Vodafone would invest $2 billion over two years to expand the Hutch Essar network to rural areas. In comparison, largest mobile operator Bharti Airtel and second largest Reliance Communications have both announced a capex of $2.5 billion each in 2007-08 alone.

On Essar’s threat to sue Vodafone, Sarin said, “We have only announced our intent. It’s an MoU with Bharti to share infrastructure. It’ll occur over the coming months. After the transaction, we’ll have an agreement. It will take months and will be fully vetted by the management and the board.”

He said the ‘tag along’ rights for Essar to sell its 33% stake to Vodafone were based on flexible timing and could extend by roughly a month. Yet, he ruled out paying a higher price for Essar’s stake.

He also clarified that though the Hutch brand would replaced, Vodafone had extended rights to use the brand as per its agreement with Hutchison.

Now it’s time for Act 2 in Mumbai, where Sarin meets the Ruias of Essar on Thursday.

‘I’m sending roses to Essar’

Refusing to accept that announcing the sharing of Hutch Essar’s infrastructure with Bharti without consulting 33% partner Essar was a tactical mistake, Sarin said, “Today is Valentine’s day. I’m sending roses to Essar. I’ll send olive branches. I’m going to visit them (the Ruias). Suggest anything else I could do. We’re fully consultative. Give us 24 hours to develop a relationship that will last a lifetime.”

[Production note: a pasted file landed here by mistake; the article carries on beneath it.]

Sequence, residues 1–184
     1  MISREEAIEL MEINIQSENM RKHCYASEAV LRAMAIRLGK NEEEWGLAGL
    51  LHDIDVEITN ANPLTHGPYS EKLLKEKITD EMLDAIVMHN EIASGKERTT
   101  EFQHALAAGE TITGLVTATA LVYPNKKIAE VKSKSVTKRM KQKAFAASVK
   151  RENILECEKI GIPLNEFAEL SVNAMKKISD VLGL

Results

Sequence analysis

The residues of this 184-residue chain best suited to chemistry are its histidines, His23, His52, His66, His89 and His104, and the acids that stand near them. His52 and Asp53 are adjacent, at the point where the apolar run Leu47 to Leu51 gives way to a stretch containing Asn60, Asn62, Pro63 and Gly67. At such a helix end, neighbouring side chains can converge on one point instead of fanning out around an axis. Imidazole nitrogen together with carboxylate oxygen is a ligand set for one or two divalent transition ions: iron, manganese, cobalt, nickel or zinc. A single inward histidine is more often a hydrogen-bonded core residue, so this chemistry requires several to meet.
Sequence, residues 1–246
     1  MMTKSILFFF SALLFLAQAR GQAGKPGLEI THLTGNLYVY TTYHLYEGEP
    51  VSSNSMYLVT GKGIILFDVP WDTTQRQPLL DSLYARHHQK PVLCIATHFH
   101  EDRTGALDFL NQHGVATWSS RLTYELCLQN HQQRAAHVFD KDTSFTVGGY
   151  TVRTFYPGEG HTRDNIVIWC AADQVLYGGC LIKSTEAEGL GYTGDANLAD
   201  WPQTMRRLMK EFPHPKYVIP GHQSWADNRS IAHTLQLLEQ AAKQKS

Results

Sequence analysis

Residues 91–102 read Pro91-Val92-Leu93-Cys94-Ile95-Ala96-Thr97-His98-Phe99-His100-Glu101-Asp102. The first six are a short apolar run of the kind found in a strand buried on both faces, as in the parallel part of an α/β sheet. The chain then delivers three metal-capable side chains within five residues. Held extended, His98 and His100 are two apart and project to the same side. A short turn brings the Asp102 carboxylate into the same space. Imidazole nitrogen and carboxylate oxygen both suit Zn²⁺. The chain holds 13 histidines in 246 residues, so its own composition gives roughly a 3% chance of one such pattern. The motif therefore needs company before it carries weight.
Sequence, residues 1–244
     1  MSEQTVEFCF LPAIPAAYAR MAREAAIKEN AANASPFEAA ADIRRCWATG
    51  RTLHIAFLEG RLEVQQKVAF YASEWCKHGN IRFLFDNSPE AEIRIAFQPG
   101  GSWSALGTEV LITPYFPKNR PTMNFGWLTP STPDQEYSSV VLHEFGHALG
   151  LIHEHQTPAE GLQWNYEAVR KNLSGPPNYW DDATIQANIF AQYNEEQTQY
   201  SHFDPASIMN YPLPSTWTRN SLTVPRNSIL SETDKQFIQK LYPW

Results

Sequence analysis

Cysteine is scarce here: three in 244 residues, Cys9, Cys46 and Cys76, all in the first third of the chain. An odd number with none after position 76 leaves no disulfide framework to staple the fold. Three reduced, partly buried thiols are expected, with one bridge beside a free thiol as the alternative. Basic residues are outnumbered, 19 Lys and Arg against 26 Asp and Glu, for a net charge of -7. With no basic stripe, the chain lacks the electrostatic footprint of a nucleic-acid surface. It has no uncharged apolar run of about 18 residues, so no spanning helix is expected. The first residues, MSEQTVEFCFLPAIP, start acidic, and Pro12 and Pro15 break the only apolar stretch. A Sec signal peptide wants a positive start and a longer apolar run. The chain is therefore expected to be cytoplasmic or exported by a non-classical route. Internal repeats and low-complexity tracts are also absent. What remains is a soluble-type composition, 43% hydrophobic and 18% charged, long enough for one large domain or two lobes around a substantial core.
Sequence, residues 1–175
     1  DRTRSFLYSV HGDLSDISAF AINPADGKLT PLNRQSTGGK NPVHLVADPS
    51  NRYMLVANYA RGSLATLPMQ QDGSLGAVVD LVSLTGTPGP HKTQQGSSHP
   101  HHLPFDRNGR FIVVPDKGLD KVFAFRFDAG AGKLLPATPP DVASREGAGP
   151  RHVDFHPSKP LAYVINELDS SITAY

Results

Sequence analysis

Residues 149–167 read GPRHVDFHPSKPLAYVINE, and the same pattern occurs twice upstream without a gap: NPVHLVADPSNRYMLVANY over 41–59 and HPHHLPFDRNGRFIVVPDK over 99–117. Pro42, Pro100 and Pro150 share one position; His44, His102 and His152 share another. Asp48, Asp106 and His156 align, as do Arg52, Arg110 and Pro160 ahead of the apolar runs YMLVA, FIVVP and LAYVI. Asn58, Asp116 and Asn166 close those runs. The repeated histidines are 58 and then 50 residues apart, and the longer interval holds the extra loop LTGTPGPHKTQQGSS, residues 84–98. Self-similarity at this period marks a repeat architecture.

On Tuesday, Essar had threatened legal action against Vodafone for entering into a memorandum of understanding with Bharti Airtel to share Hutchison Essar’s infrastructure without being consulted.

If anyone thought sending roses to the Ruias signalled a mellowed stance, they were mistaken. Sarin reiterated that Essar had no first right of refusal over HTIL’s 52% stake in Hutch Essar. “Our lawyers’ view is that with respect to Vodafone, Essar has no right of first refusal,” he responded.

Another old saying and some Arctic Monkeys news

Men are like wine. You work on them for years before you can take them out for dinner - Anticaps over dinner last night. Loved it :D